What does UX Writing Add to Your Products?
Unfortunately, writing usually isn’t a priority. Especially smaller brands often view text as a redundancy and concentrate mainly on visual design. This is a mistake. Poor macro- and microcopy can ruin even the best visual efforts within a product. Studies show that concise text, objective language, and scannable copy improve usability by 124%. As a result, many companies dropped traditional visual elements like brand logos, icons or images to free up space (and the user’s attention) for content; paradoxically, text started contributing to the visual side as well, aesthetically blending with the product look and feel.
To see what we’re talking about, take a look at this powerful example:
Overall, good UX writing can deliver a number of crucial benefits.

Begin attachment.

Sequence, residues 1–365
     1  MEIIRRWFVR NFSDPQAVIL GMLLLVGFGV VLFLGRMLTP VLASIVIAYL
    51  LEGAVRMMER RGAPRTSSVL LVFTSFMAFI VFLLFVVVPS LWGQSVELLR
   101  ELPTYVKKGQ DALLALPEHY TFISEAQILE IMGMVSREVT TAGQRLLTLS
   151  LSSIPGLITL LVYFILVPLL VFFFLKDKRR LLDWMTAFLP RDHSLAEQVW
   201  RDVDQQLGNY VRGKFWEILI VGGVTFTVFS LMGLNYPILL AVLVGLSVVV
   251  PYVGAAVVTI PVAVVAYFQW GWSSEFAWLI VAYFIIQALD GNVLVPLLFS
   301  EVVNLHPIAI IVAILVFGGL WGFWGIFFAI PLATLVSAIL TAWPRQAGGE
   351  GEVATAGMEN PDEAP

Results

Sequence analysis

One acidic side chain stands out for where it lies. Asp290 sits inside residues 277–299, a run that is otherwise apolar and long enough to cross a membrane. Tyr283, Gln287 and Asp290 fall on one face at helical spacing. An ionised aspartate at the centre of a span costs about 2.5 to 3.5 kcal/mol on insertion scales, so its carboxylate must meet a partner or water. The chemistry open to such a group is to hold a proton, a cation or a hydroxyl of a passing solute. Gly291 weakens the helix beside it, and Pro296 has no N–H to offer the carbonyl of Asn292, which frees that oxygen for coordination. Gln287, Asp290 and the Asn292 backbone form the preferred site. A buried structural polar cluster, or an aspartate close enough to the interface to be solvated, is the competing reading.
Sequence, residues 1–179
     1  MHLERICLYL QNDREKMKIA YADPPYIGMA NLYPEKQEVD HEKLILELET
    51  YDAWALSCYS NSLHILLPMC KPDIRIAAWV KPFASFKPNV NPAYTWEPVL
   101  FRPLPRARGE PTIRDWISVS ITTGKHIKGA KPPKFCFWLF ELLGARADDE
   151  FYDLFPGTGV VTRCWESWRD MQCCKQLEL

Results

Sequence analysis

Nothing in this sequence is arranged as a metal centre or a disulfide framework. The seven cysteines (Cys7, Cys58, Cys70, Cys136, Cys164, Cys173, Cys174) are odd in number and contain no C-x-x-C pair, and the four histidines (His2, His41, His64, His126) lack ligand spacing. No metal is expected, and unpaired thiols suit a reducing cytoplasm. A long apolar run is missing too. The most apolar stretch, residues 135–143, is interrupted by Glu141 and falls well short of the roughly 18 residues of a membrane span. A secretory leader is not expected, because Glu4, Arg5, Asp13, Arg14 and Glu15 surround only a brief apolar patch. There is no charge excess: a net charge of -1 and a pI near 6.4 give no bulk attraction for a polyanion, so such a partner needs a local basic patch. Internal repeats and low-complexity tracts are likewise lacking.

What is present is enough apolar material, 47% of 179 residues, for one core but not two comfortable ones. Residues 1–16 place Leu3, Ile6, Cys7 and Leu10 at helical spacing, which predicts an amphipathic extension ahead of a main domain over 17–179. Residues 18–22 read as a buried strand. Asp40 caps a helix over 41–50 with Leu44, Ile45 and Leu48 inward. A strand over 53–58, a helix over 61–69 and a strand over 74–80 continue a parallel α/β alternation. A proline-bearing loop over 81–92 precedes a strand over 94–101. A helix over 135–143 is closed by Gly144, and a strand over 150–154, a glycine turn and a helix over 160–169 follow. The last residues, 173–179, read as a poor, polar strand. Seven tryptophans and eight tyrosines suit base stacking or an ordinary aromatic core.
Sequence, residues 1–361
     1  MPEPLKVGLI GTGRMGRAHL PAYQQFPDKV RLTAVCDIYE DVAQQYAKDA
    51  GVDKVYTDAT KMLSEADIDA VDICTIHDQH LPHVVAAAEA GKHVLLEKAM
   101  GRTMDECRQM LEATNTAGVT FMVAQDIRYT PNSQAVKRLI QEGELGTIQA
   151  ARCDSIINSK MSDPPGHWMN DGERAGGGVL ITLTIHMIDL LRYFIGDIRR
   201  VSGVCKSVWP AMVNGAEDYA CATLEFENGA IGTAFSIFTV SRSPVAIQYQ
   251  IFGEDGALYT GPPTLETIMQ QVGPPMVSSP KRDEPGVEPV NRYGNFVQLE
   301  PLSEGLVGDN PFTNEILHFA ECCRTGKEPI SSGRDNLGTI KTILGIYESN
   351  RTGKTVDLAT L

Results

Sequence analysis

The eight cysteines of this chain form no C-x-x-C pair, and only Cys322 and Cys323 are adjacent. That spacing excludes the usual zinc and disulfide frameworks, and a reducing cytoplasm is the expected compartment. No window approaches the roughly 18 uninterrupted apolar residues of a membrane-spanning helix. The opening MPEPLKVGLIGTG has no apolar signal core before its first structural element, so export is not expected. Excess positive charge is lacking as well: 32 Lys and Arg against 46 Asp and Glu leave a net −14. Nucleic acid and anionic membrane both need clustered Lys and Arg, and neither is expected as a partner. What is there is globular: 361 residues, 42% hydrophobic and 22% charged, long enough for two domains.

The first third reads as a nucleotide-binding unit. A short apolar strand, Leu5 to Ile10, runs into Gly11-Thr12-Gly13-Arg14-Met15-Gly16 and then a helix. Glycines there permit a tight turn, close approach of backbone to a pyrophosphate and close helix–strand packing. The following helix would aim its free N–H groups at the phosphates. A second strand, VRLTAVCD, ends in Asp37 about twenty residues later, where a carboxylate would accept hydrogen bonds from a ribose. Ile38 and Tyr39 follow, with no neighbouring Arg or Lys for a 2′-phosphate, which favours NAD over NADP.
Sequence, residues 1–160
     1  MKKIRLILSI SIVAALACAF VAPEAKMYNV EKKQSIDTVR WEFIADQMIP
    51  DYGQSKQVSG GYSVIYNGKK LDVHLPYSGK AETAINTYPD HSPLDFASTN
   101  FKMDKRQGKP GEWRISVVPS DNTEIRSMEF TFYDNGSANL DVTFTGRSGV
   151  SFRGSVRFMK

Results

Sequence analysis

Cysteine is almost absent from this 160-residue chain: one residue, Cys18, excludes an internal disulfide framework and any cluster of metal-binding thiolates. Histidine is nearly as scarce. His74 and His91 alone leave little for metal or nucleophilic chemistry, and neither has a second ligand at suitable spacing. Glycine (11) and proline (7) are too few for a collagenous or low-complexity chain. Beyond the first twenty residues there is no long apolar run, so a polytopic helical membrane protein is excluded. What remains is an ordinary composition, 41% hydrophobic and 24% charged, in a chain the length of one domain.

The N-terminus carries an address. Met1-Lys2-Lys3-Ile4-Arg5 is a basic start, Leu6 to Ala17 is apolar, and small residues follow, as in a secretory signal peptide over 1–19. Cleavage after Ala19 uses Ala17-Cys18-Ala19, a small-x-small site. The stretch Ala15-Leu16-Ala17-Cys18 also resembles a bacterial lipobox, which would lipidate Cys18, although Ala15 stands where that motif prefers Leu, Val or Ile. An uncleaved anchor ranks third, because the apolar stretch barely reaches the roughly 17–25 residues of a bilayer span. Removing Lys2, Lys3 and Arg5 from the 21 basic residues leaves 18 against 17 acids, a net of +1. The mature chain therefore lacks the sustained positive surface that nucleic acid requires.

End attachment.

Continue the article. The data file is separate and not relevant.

This is one of the most obvious perks of exceptional copy. Did you ever abandon a shopping cart at an online store? According to Toptal, there are various reasons why users don’t finalize their purchases, stop using products or cancel subscriptions. Among them are, to name just a few, confusing messages, too many personal questions, unclear shipping charges, not enough information about the product and service, or uncertainty around how to cancel an order.
Proficient microcopy is the key to avoiding these issues. A well-crafted UI with a clear text can guide the user through your service and precisely explain what is happening and what will happen after choosing a certain option or clicking a button.
So, ultimately, UX writing can have a colossal impact on your revenue and the success of your entire business.
Adding emotion to microcopy creates a better connection with users and helps foster a stronger bond. Users fall in love with brands that make them laugh and feel better about themselves.
A widely discussed example of this includes Slack. Their creative and positive messages are frequently shared as one of the best UX writing bits out there.
As a result of this exceptional copy, users get emotionally attached to the product. And hey – as a bonus, the brand got a lot of free coverage!